Therefore, the most probable diagnosis in this case is lactational mastitis. The patient should receive prompt treatment with antibiotics to control the infection, along with measures to help drain the breast, such as frequent breastfeeding or pumping. Pain relievers and warm compresses may also be helpful in reducing discomfort.


135. A 32 year old patient complains about pain in small joints of her hands, paresthesia at the tips of fi- ngers, weakness, difficult diglutition. She has been suffering from this for 13 years. Objectively: face amimia, shortening of nail bones, skin indurations in the area of shoulder girdle are present. Roentgenological examination of lungs revealed basal pneumosclerosis. Fibrogastroscopy revealed esophagus constriction in its cardial part. Blood count: leukocytes – 9, 8 · 109/l, ESR – 22 mm/h, γ-globulin – 22%. What is the most probable diagnosis?

A. Systemic scleroderma

B. Systemic lupus erythematosus

C. Rheumatoid arthritis

D. Dermatomyositis

E. Myxedema


Answer: Systemic scleroderma

Explanation

The symptoms and examination findings described in the case are consistent with systemic scleroderma, which is a rare autoimmune disease that affects the connective tissue and blood vessels.   The presence of pain in the small joints of the hands, paresthesia, weakness, and difficulty swallowing are all symptoms of systemic scleroderma, which can affect multiple organ systems.

The facial amimia, shortening of nail bones, and skin indurations in the area of the shoulder girdle are characteristic physical findings in patients with systemic scleroderma. The esophageal constriction seen on fibrogastroscopy is also a common complication of the disease.   The roentgenological examination of lungs revealing basal pneumosclerosis, elevated ESR, and increased γ-globulin levels are additional findings that support the diagnosis of systemic scleroderma.  

Systemic lupus erythematosus and rheumatoid arthritis are also autoimmune diseases that can affect multiple organ systems, but the symptoms and physical findings described in the case are more consistent with systemic scleroderma. Dermatomyositis is a rare autoimmune disease that primarily affects the muscles and skin, but it is less likely in this case given the absence of muscle weakness or skin rash. Myxedema, which is caused by hypothyroidism, typically presents with different symptoms and physical findings than those described in the case.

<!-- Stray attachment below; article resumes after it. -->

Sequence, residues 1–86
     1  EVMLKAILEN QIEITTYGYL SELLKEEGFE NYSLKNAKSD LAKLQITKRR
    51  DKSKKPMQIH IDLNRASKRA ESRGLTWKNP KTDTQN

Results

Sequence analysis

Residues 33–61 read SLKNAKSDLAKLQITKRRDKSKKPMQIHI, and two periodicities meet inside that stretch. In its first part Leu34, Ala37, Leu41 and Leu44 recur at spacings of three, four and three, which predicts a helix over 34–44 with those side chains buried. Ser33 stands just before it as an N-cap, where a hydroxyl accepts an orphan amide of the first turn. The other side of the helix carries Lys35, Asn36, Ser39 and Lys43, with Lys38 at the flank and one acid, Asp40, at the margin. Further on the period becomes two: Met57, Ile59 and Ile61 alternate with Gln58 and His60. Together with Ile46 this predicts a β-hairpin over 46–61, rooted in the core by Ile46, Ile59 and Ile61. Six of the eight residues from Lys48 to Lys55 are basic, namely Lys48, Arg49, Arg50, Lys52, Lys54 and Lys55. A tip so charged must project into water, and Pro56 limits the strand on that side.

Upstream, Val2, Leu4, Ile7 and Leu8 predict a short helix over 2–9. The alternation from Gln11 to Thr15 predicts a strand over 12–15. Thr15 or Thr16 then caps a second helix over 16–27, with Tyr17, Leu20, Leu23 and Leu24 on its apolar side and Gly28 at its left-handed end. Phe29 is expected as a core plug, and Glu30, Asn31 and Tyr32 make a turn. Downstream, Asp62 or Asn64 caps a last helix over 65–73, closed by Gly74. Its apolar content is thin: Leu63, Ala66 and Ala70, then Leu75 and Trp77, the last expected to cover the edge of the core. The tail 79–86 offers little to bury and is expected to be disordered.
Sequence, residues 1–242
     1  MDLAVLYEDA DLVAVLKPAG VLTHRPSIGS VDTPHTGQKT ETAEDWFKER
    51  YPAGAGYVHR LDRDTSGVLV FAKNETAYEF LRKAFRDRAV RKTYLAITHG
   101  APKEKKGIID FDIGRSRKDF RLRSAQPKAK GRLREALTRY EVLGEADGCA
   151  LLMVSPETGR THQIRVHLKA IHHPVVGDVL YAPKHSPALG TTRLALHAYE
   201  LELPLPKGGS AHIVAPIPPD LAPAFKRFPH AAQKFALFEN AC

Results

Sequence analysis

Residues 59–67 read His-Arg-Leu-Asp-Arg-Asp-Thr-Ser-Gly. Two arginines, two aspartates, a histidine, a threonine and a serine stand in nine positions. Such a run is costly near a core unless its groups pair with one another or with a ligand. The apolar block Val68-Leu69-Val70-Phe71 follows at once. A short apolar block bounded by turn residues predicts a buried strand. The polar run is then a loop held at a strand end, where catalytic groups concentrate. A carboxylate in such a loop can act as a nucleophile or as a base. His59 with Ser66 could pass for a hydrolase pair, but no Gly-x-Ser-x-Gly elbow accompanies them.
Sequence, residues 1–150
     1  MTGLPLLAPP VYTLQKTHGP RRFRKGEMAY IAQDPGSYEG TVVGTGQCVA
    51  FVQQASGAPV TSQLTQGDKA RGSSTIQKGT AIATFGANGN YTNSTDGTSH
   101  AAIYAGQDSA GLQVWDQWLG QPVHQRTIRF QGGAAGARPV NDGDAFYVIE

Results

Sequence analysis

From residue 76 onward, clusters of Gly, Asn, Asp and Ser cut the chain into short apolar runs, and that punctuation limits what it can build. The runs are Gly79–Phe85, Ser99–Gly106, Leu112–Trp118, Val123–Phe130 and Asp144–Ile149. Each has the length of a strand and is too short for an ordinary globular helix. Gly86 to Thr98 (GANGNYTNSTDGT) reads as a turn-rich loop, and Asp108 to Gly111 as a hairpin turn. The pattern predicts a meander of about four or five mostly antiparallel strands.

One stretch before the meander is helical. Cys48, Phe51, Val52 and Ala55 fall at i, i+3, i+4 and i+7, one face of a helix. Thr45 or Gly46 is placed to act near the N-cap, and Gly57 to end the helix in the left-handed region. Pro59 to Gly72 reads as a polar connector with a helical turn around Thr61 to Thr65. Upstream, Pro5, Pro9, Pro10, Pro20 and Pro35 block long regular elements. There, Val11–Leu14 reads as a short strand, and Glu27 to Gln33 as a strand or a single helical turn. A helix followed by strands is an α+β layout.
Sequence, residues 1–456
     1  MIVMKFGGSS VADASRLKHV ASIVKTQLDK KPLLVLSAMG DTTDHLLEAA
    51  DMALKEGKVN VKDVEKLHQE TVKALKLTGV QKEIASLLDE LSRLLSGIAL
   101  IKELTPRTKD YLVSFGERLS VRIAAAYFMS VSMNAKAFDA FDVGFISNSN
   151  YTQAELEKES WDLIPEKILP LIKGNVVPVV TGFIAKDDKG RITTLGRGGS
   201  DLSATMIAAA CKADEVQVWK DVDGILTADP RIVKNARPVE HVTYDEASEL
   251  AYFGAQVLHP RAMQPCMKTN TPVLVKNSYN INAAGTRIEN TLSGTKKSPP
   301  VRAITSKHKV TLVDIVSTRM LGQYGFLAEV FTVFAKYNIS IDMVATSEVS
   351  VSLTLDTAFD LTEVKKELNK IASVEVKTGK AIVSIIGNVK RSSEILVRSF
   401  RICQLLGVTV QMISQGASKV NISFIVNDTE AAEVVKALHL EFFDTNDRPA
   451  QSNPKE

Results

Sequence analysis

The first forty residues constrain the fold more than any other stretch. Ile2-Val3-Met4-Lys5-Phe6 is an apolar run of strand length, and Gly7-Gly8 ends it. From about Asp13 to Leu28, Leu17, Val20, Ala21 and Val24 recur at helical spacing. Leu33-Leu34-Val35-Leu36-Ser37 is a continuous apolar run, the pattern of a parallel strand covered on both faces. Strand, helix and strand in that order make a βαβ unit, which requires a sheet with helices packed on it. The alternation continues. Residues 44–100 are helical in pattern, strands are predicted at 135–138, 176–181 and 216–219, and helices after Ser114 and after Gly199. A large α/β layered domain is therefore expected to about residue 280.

Therefore, the most probable diagnosis in this case is systemic scleroderma. The patient should be referred to a rheumatologist for further evaluation and management. Treatment may include immunosuppressive drugs, physical therapy, and management of complications.


136. A 30 year old woman ill with influenza felt palpitation and dull cardiac pain during moderate physical exercise. Objectively: Ps – 96 bpm, AP – 100/60 mm Hg. The first sound is quiet above the apex, soft systolic murmur is present. What complication is indicated by these clinical presentations?

A. Acute viral myocarditis

B. Acute allergic infectious myocarditis

C. Idiopathic myocarditis

D. Myocardiopathy

E. Neurocirculatory dystonia


Answer: Acute viral myocarditis

Explanation

The clinical presentation described in the case is suggestive of acute viral myocarditis, which is an inflammation of the heart muscle caused by a viral infection.   The palpitations, dull cardiac pain, and soft systolic murmur are all common symptoms of myocarditis, which can lead to a variety of cardiac abnormalities including arrhythmias, heart failure, and valvular dysfunction.

The presence of a soft systolic murmur suggests that there may be a leak of blood across one of the heart valves.   Influenza is a viral infection that can cause myocarditis, particularly in young adults. The combination of influenza and cardiac symptoms strongly suggests that the patient may have developed acute viral myocarditis as a complication of the infection.